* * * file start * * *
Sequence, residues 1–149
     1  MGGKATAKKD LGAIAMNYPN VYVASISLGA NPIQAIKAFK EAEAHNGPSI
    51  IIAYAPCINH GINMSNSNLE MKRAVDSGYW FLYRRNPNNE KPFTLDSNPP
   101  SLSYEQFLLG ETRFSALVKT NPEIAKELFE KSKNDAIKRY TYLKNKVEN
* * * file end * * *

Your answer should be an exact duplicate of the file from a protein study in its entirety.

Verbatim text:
Sequence, residues 1–149
     1  MGGKATAKKD LGAIAMNYPN VYVASISLGA NPIQAIKAFK EAEAHNGPSI
    51  IIAYAPCINH GINMSNSNLE MKRAVDSGYW FLYRRNPNNE KPFTLDSNPP
   101  SLSYEQFLLG ETRFSALVKT NPEIAKELFE KSKNDAIKRY TYLKNKVEN